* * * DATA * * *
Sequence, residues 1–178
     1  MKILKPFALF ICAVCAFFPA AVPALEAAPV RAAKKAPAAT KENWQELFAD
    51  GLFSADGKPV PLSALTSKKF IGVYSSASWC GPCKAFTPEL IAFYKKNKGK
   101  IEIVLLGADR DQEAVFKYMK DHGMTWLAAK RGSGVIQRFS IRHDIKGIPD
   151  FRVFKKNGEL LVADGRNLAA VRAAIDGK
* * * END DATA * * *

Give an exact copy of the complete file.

Sequence, residues 1–178
     1  MKILKPFALF ICAVCAFFPA AVPALEAAPV RAAKKAPAAT KENWQELFAD
    51  GLFSADGKPV PLSALTSKKF IGVYSSASWC GPCKAFTPEL IAFYKKNKGK
   101  IEIVLLGADR DQEAVFKYMK DHGMTWLAAK RGSGVIQRFS IRHDIKGIPD
   151  FRVFKKNGEL LVADGRNLAA VRAAIDGK